Friday, June 02, 2006

Padding the Ropes

So they pulled Jeremiah up with the ropes and lifted him out of the cistern…
(Jeremiah 38:13)

One Old Testament narrative offers insights into helping someone after loss. Jeremiah, the "weeping" prophet, was incarcerated for predicting Jerusalem would fall to the Babylonians (Jeremiah 37). After meeting with King Zedekiah, who wanted a different spin on the future, Jeremiah was confined to "the courtyard of the guard" (v. 21). After a group accused Jeremiah of discouraging the people, the prophet was lowered into a muddy cistern (38:6). The Bible says he was down in the mire.

This cistern is a powerful analogy to the grief that follows any loss: dark, restrictive – an unlikely venue for hope. But Ebed-Melech decided to challenge the mistreatment. He delicately reproached Zedekiah, pointing out that Jeremiah "will starve to death when there is no longer any bread in the city" (38:9). The king reconsidered and ordered Ebed-Melech to take 30 men and retrieve the prophet.

Yet Ebed-Melech didn’t rush to the cistern. Instead, he detoured to a room where old rags and worn-out clothes were kept. Then at the cistern, he dropped the rope to Jeremiah and instructed, "Put these old rags and worn-out clothes under your arms to pad the ropes" (v. 12).

Possibly when Jeremiah had been lowered into the cistern, the rope had broken his skin. To prevent injuring him further when pulling him out, Ebed-Melech wisely padded the ropes.

Our task in ministering to those who are living with loss is to "pad the ropes." Many well-meaning people wound individuals living through loss by babbling a well-intended clichĂ©. We are so convinced we have to say "something." But instead we need to “do” something. We should look to those simple things, the seemingly meaningless “old rags” that God can use to pad the ropes. We help pull those who are down in the mire up when they are ready, not before, and we ease the burden by padding the ropes.

Ebed-Melech did not have to get involved in Jeremiah’s situation. But he did. He didn’t just pull, he also padded. He waited until Jeremiah was ready and pulled and worked with him.

Every griever has three needs: to find the words for the loss, to say the words aloud, and to know that the words have been heard.

If all the things that make me happy, successful, and safe suddenly disappear, in that loss, I can still know God. He will not leave me in that cistern.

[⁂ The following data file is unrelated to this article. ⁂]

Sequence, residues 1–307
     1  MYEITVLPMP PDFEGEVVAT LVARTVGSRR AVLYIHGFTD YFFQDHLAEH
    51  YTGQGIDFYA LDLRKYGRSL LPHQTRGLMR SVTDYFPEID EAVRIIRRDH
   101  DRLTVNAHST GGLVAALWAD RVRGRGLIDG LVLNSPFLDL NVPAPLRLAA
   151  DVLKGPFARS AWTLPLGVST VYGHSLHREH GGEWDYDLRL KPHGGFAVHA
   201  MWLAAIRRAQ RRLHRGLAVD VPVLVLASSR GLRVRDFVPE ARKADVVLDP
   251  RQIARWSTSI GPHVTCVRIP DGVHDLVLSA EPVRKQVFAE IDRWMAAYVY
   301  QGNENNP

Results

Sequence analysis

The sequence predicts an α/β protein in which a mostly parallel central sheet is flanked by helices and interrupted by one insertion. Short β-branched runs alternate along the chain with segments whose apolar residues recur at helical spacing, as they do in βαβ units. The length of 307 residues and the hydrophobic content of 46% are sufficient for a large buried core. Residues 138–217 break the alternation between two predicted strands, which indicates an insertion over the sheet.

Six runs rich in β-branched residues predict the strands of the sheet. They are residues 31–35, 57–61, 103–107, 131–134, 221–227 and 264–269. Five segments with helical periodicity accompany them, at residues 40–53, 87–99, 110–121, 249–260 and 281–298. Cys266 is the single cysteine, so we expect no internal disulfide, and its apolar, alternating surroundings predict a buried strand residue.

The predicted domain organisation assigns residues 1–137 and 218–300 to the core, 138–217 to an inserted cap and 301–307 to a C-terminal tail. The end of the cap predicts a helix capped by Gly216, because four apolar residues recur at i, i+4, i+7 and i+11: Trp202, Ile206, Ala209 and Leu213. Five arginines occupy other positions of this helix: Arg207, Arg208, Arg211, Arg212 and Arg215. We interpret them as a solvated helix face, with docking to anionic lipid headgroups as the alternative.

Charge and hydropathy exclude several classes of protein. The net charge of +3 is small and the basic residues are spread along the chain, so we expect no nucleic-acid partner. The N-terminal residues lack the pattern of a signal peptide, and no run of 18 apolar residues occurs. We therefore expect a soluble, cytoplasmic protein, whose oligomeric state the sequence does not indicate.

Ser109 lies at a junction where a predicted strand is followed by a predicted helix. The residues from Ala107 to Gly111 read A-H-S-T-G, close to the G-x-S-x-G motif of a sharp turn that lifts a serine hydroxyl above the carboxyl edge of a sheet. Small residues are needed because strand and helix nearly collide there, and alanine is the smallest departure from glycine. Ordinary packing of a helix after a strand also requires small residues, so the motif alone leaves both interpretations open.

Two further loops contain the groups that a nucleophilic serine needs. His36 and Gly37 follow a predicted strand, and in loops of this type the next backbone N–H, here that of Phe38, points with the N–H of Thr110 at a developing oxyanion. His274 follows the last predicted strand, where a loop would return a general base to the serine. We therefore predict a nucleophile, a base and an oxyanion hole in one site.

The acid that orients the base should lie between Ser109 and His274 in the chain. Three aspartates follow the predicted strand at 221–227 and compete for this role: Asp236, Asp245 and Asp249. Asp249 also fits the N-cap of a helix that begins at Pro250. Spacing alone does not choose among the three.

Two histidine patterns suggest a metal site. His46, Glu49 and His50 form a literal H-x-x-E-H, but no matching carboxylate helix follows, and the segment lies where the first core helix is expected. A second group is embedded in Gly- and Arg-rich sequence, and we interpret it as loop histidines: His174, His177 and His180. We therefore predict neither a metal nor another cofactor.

The only way to live through loss is to pay thorough attention to the grief and to take that to the Lord in prayer – and to hope someone will show up with "rope and old rags."

Loss doesn’t get better — it gets different. The older I get, the more the repertoire of losses I accumulate. But one by-product of an apprenticeship with loss is wisdom.

There are life lessons we learn only through loss. Ebed-Melech extracted one muddy prophet from the cistern. Jeremiah wasn’t home free, but remained a prisoner "in the courtyard of the guard." Don't expect or encourage them to "get back to normal". Normal no longer exists for them and their job is to create a "new" normal for themselves. This takes a long time.

Sometimes, in losses, we find no "and they lived happily ever after" endings. But we can experience one in which we "live ever after the loss — aware of the grace and peace of God."

You see, in this story Jesus is Ebed-Melech, and we are the thirty men who help get Jeremiah out of the mire. God will help you when you are ready, and He will send others to pad the ropes, Amen.

We will all face losses, and some will be unexpected and quite grievous to us. However, God says He gives us songs in the night, and so we must expect that it will be night sometimes.

If you want a rainbow you have to deal with rain
If you want a healing you have to deal with pain
If you want victory you have to deal with sin
If you want salvation you must be born again

Jesus died for sins, and He died for your and my sins as well. Jesus is the hand at the end of your rope. The truth is that everyone has sinned, and that everyone dies.

The real question is, do you believe?


Jerry Bouey said...

Good stuff, JD. That certainly is a rich chapter. Last year, God taught me some neat things from it, and now I have gleaned a bit more from your thoughts on this passage.

If you are interested, here is the message I preached in November on Jeremiah 38:

Sinking In The Mire

forgiven said...


Great Teaching... the cistern of life.
I'm so glad that Jesus is pulling me out of the mire ( all the time).
Thank You Brother